Bitcoin dropped 15% in 24 hours today, falling below $40,000 for the first time since March 15. Meanwhile, Ethereum dipped 14%, finding itself beneath the $3,000 mark for the first time since March 23.
It's part of a larger trend, with crypto markets tumbling 8.5% in the span of 24 hours to hit a market cap of $1.84 trillion, according to CoinMarketCap.
If you're looking for plausible answers as to why, it's worth checking out the equities markets. The S&P 500, an index of 500 top publicly traded companies in the U.S., closed down 1.7%, the Dow Jones Industrial Average ended Monday 1.2% lower, and the tech-heavy Nasdaq lost a full 2.2% of its value.
Bitcoin, which is historically fairly correlated to other cryptocurrency prices is, of late, increasingly correlated with stock prices. In March, BTC's price correlation with the S&P 500 hit 0.49, with -1 meaning they move exactly opposite and 1 meaning they move in perfect tandem. It was the highest rate since October 2020, per Arcane Research.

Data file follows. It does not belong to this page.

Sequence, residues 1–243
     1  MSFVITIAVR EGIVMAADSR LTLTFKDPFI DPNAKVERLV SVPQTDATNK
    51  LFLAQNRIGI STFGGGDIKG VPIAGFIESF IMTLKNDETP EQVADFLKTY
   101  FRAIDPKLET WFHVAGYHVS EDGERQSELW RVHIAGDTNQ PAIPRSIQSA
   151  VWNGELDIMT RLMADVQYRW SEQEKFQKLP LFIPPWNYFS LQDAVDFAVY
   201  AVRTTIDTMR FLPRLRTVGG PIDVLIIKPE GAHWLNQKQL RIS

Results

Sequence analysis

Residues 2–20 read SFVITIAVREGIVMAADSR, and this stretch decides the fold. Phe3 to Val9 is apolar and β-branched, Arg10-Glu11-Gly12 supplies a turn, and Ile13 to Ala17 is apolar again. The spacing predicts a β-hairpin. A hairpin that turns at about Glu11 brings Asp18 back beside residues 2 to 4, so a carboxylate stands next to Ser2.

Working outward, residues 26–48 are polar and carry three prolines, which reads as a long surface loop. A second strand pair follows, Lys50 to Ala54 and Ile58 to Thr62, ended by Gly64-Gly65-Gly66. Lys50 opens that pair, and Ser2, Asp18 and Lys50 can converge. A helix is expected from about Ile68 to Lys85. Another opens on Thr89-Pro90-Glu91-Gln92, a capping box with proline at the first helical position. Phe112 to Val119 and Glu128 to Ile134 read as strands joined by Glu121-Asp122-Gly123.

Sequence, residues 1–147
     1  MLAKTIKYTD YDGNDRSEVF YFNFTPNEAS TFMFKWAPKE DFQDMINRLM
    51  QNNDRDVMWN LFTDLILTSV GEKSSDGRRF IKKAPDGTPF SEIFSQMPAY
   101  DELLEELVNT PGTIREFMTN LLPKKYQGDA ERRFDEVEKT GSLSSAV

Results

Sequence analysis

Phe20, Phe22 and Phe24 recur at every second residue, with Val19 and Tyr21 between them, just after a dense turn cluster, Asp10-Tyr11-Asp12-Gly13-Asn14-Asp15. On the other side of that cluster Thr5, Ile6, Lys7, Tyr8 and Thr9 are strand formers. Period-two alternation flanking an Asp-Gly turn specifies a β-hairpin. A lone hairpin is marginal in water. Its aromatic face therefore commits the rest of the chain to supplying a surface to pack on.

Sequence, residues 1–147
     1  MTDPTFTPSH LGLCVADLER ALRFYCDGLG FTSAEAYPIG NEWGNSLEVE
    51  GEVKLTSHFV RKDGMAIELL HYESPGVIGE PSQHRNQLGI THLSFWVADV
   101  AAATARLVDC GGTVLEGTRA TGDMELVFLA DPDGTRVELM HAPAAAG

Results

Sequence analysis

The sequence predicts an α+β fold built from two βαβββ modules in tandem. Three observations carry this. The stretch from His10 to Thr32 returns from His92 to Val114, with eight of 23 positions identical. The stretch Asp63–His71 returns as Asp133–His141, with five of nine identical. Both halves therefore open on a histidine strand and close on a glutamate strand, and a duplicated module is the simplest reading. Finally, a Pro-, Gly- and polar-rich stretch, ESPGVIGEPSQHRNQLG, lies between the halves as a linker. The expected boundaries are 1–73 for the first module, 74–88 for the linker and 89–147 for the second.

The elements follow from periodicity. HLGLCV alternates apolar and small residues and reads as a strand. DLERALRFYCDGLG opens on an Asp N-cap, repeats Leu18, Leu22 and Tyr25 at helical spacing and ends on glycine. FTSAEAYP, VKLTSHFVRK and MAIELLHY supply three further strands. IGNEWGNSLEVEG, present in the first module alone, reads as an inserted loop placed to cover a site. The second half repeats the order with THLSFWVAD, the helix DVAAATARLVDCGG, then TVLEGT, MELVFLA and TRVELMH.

But what's going on with stock prices?
Take your pick. There's the ongoing Russian war in Ukraine, a new round of COVID lockdowns in China, and, of course, the Federal Reserve's decision to aggressively raise interest rates and choke off the supply of money into the economy.
The Nasdaq was already down nearly 4% from Monday through Friday last week. The weekend hasn't made things much better. With less money pumping into the economy as the Fed seeks to fight inflation, crypto market caps very well may deflate, according to BitMEX founder Arthur Hayes. The billionaire investment banker-turned crypto entrepreneur wrote on Sunday of a "coming crypto carnage" and predicted that both Bitcoin and Ether had much further to fall.
"Bitcoin and Ether will bottom well before the Fed acts and U-turns its policy from tight to loose," he wrote. He predicted they will test the $30,000 and $2,500 thresholds before the end of June.
Hayes previously predicted, when the price of BTC was below $5,000, that it would reach $10,000 in 2019. That turned out to be prescient, as the price rallied to above $12,000. A year earlier, he suggested that BTC could hit $50,000 that year and would bottom out at between $3,000 and $5,000. While he was way off on the former, the latter prediction was correct.
Bitcoin bulls are hoping Hayes' most recent prediction is wrong. But a look at today's price movements indicates he could be on to something.